Diez - Germany - EUCMH

The next morning, at daylight, Baker and Charlie Cos were sent north to the vicinity of Limburg, where a crossing had been established by friendly units, with the mission of crossing the river and attacking Diez from the north and east. While this maneuver was in progress an engineer soldier swam to the east bank of the river at the south edge of Diez and untied a long barge anchored there. Since the barge was longer than the river was wide at that point, it was pulled diagonally across the river forming a foot bridge over which Able Co passed without hesitation. For the first time, the 60-AIB had available for its use a powerful public address system which it set up on the west bank of the Lahn River. Warnings were broadcast to the civilians and soldiers on the other side while Able Co cleared the city. Due to the effects of the tank firing during the night, the speedy crossing of Able Co and the warnings which had been broadcast to the people and soldiers, the dug in enemy on the east bank of the Lahn River and those in position in the town of Diez, numbering one Major, several officers and approximately 200 EM, surrendered without further resistance. Able and Baker Cos then took up defensive positions around the town.

After Diez had been cleared, Enginers of the 1st US Army & Able 9-AEB began constructing a tread-way bridge over the river. However, at mid-afternoon, orders were received to cease all bridging operations, and the 60-AIB was informed that all orders for movement were cancelled for 24 hours. The battalion remained in position until 1115, March 28, when it was relieved in place by the 2nd Ranger Battalion. Upon relief the battalion made plans to comply with an order to march northeast, as part of CCA-9-AD, to an assembly area in the vicinity of Hofen (Runkel). Charlie Co 60-AIB was attached to CCA and assigned a special mission of moving without delay to Aumenau and there relieve elements of CCB-9-AD protecting a bridgehead over the Lahn River. This change of direction was the beginning of the march of the 9-AD to join forces with elements of the Ninth Army and seal off the Rhur Pocket.

At 1400, CCA began moving to the new assembly area with the 60-AIB less Charlie Co marching near the end of the column behind seven other units. This was a new experience for the 60-AIB since it usually led or followed the advance guard of any CCA column. At 2000, the battalion closed into Hofen and immediately set up road blocks and a system of all-round security for the night. During the night, orders were received that CCA would continue the advance in one column at 0600 the next day to an assembly area in the vicinity of Hausen and the 60-AIB would maintain its same place in column. CHarlie Co would revert to battalion control when the battalion crossed the Lahn River at Aumenau. By noon, on March 29, the advance of CCA was making such progress that the column was ordered to continue to phase line Denver. The 60-AIB closed into billets at Oberhausen at 1945 and set up security for the night awaiting orders for the next day. The Letter of Instructions from CCA, March 29, stated CCA would continue the attack in one column on the morning of March 30, with the 60-AIB in the lead crossing the Line of Departure, Kirtorf, at 0600. The mission for the day was to order of march was Able Co with one plat Baker 14-TB, and one Plat of Engineers which were to be picked up at the Line of Departure attached; Baker 14-TB (-); Bn Hq; Baker 60-AIB; Charlie 60-AIB; Hq Co 60-AIB; and Service Co 60-AIB. The battalion also had attached a tank from the 738-TB with a public address system.

The attack moved to within 3000 meters of its objective by 1330 with only one delay of an hour and a half at Treysa due to sniper fire. 3000 meters outside Fritzlar the enemy had a 150-MM AT gun and a 20-MM AA gun serving as an outpost for an airfield just south of the Eder River. After the tanks at the head of the column fired a few rounds of HE in and near the positions, the enemy surrendered the two guns without firing a shot. After the outpost was taken care of, Able Co and attached tanks moved without delay to the left flank of the airfield catching most of the air corps personnel on or near the field completely by surprise causing great confusion within the enemy ranks. As one German plane tried to take off in the face of fire from our tanks, it was shot down when a tanker knocked off the tail with a round from his big gun. The enemy immediately registered approximately two batteries of artillery on our units trying to gain the river, making the advance very slow. As Able Co approached the river and found the bridge over the Eder River blown, Baker Co, at 1350, was ordered to move west along the river road and secure the bridge at Wega. Enemy dug in between Fritzlar and Wega coupled with observed direct and indirect fire delayed Baker Co in its advance. However, because of this attack from the east, a friendly unit from the west was able to secure and hold the bridge. When Baker Co reached Wega it was ordered to remain there until further orders.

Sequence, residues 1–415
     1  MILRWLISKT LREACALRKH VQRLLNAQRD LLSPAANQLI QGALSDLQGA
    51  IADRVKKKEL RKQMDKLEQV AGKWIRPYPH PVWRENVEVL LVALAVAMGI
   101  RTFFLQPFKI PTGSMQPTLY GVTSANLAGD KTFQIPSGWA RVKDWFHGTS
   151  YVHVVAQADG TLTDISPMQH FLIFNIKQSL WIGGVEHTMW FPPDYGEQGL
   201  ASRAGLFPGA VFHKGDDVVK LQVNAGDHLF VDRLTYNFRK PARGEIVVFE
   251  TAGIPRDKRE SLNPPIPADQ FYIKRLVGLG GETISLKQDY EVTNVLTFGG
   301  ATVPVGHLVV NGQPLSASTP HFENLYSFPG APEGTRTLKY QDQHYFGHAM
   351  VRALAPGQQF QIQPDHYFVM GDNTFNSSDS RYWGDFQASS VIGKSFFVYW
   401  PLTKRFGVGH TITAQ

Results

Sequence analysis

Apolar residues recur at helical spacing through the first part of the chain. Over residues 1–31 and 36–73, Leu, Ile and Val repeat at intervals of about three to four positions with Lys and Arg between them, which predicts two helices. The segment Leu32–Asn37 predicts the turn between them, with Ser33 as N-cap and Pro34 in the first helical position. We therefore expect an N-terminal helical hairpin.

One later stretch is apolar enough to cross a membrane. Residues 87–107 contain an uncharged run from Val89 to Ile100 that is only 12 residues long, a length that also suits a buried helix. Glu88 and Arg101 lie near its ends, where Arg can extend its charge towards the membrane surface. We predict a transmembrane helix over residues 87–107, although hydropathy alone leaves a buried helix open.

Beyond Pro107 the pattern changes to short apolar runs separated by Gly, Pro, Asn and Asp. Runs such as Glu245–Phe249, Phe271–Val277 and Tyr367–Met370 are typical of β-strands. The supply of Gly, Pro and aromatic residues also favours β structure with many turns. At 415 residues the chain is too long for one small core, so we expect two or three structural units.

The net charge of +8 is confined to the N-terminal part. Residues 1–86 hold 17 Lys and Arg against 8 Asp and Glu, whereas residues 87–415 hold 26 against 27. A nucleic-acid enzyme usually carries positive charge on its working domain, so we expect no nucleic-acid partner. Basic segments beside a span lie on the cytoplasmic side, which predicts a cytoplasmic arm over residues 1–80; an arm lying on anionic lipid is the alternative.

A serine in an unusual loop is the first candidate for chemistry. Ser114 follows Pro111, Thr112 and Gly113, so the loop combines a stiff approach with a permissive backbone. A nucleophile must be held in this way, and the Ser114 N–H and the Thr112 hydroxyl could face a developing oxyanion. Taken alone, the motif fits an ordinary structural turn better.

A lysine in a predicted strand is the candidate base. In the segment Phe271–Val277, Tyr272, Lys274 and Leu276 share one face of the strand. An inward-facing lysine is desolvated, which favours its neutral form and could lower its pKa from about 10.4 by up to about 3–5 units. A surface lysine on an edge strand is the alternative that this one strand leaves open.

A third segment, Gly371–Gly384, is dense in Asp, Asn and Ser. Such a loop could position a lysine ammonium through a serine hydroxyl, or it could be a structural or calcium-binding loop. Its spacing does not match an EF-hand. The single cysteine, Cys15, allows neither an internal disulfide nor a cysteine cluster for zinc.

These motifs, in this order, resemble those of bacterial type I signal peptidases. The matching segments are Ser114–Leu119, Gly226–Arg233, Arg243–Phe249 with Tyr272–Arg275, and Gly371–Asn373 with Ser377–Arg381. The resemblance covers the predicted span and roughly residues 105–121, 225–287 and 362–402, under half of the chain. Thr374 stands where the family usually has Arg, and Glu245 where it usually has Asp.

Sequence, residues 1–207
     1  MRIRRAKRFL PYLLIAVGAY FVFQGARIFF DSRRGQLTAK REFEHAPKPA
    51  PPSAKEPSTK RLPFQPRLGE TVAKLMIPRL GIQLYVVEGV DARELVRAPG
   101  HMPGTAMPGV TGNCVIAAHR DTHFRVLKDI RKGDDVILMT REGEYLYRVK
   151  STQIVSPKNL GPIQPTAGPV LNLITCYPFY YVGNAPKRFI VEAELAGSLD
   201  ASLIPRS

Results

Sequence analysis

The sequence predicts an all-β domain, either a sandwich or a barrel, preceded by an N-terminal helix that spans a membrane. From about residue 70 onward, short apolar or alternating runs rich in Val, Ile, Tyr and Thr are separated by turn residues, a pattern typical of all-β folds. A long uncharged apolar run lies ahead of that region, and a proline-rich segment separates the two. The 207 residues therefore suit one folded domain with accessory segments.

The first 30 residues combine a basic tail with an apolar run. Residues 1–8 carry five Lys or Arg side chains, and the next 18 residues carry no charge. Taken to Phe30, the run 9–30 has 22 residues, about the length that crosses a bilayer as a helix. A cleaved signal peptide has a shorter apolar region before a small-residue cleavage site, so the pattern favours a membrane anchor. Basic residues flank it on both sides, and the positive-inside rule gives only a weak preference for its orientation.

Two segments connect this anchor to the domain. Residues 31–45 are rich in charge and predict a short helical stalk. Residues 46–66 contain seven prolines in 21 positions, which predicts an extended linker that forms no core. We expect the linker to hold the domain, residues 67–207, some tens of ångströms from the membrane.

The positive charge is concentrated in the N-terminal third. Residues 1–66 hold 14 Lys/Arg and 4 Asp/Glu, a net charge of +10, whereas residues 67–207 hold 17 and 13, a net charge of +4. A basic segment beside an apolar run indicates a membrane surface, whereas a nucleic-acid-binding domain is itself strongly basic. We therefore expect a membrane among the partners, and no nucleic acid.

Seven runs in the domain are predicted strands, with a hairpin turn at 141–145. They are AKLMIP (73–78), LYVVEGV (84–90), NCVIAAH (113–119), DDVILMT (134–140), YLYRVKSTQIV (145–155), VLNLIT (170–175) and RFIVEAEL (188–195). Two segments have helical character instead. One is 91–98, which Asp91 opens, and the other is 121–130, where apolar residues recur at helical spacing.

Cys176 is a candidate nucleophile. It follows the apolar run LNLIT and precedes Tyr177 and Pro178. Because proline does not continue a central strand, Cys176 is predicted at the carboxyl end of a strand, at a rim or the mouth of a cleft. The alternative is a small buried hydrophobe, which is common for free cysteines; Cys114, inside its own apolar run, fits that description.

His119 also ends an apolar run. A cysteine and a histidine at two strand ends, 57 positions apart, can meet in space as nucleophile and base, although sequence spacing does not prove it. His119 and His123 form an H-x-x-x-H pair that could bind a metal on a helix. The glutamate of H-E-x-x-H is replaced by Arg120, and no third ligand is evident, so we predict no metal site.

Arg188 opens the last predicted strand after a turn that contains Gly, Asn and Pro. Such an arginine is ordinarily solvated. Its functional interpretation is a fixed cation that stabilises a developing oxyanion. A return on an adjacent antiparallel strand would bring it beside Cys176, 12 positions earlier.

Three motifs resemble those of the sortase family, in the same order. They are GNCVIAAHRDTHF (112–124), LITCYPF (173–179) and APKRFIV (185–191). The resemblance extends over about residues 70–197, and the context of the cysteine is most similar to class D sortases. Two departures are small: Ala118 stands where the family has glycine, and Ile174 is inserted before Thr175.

At 1630, Charlie Co was ordered to cross the river east of Fritzlar and attack the town form the northeast in an effort to ease the resistance on the front of Able Co. By 1900, Able Co crossed the river by wading, but it was unable to advance in the face of intense small arms, mortar and observed arty fire. Charlie Co occupied a few houses on the northeastern edge of town by 2200 with great difficulty facing heavy small arms and panzerschreck fire. A counterattack was thrown against Charlie Co, about 0230, March 31, and within a few minutes its position was surrounded. Able Co was immediately given the mission to move around the eastern side of the town to make contact with Charlie Co. Leaving one plat to hold the bridgehead at its point of crossing, Able Co moved out and gained contact with Charlie Co at 0500. At this point both units held ground until daylight and then strengthened their positions. Baker Co moved to the southern outskirts of Fritzlar at 0700, and there, reverted to Battalion reserve. Upon order from CCA-9-AD it was attached to the 14-TB, and moved out at 1300 to join the new organization. The 27-AIB moved into Fritzlar with the mission of relieving the 60-AIB, and by 1515 the relief was complete even though part of the city north of the river had not been entirely cleared. Upon relief the 60-AIB and attachments less Baker Co began marching toward the new assembly area in the vicinity of Wettesingen Due to darkness and heavy traffic on the roads, the column moved very slowly and was a few miles from Wettesingen at midnight.

K. W. Collins
Lt Col, Infantry